Anthony Bourdain calls Hainanese chicken rice "the national dish" of Singapore, "a light and beautiful thing." With a commendation like that, how could we not make room for this dish on our culinary tour of the Straits? Of course, we couldn't just eat any plate of Hainanese chicken rice; we had to get our hands on the very plate of chicken rice that rocked Bourdain's world.
I'm not huge fan of Chinese-style steamed chicken, but Tian Tian's chicken was darn good. Chicken for Hainanese chicken rice is always served room temperature. From what I understand, the secret to Tian Tian's recipe is that they boil the chicken whole, plunge it immediately into an ice bath to separate the skin from the meat, and then pour a healthy amount of intense, fatty chicken stock on the chicken right as they serve it (hence the glossiness of the chicken). I don't know what Bourdain meant by "light," because this is not a diet meal.
My mom, who never met a chicken bit she didn't like, also ordered a plate of non-descriptly named "chicken parts," which I think included chicken gizzards and liver. It's not my cup of tea -- er, plate of chicken -- but Tian Tian's condiments (see below) were so good that I welcomed having another reason to funnel chili sauce in my mouth.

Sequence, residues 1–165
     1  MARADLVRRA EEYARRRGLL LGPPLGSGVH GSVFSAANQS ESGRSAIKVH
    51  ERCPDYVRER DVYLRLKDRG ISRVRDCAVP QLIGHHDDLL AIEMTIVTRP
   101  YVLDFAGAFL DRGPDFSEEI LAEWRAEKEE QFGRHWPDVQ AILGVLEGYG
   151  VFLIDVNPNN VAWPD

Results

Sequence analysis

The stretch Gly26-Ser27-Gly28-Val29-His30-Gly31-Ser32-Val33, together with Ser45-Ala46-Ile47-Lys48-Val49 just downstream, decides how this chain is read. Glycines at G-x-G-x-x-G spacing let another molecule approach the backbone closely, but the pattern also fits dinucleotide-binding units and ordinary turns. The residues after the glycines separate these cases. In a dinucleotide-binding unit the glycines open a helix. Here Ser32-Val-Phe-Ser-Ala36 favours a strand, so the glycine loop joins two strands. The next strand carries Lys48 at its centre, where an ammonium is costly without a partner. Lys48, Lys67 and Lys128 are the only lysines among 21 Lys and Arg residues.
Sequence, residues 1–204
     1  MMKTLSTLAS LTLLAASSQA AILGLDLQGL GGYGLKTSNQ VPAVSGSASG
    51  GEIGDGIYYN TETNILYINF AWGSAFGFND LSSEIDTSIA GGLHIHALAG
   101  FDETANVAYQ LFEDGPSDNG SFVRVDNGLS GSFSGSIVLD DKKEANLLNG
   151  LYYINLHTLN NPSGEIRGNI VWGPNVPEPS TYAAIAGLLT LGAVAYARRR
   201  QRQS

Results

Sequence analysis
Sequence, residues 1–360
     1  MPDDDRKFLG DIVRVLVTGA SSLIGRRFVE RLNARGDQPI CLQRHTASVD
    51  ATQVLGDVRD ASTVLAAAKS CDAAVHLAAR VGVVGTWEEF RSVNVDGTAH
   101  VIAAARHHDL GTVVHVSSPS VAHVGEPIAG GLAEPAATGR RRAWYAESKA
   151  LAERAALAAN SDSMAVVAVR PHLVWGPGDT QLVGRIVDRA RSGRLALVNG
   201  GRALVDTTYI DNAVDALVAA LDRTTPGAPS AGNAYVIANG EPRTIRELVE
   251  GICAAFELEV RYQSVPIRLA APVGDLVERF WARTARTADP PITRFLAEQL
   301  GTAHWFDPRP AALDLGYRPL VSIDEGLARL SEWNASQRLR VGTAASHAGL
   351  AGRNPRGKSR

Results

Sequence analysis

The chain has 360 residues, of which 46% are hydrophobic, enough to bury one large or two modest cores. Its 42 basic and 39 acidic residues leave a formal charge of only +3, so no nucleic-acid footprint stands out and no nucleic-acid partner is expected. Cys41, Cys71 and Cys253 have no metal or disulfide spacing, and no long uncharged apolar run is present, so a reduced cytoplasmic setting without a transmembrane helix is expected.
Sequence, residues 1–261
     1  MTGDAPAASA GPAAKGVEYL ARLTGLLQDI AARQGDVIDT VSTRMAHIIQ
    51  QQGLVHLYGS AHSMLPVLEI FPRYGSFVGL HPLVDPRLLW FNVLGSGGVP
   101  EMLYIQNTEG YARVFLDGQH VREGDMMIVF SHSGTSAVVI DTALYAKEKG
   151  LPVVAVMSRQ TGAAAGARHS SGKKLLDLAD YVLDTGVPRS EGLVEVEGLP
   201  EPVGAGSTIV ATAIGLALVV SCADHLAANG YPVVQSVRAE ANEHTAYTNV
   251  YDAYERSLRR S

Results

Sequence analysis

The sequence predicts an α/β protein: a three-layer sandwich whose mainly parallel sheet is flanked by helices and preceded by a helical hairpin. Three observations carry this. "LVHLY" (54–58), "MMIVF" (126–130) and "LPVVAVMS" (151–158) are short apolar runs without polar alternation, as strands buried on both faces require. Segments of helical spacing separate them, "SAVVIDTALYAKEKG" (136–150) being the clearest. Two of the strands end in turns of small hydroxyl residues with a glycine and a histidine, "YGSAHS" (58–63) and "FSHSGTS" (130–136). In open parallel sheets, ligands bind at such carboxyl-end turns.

While the chicken and its assorted bits were good, the rice is the star of the show. The rice is made with chicken stock and chicken fat; it's coated in flavorful, almost buttery goodness, and is, as Bourdain said, "so flavorful and delicious that it can be eaten on its own."
Well, not exactly on its own. To transform it from great to outstanding, pour a generous amount of sweet dark soy sauce and the house-made chili, garlic, and ginger sauce all over the rice. Then spoon a generous amount of all of it into you mouth. Chew, swallow, smile. Repeat.